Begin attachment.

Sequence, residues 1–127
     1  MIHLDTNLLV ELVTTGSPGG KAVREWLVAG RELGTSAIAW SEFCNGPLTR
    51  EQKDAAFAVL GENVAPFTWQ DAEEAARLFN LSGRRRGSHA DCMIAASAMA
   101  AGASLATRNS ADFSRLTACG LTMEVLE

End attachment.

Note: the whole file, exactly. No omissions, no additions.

Sequence, residues 1–127
     1  MIHLDTNLLV ELVTTGSPGG KAVREWLVAG RELGTSAIAW SEFCNGPLTR
    51  EQKDAAFAVL GENVAPFTWQ DAEEAARLFN LSGRRRGSHA DCMIAASAMA
   101  AGASLATRNS ADFSRLTACG LTMEVLE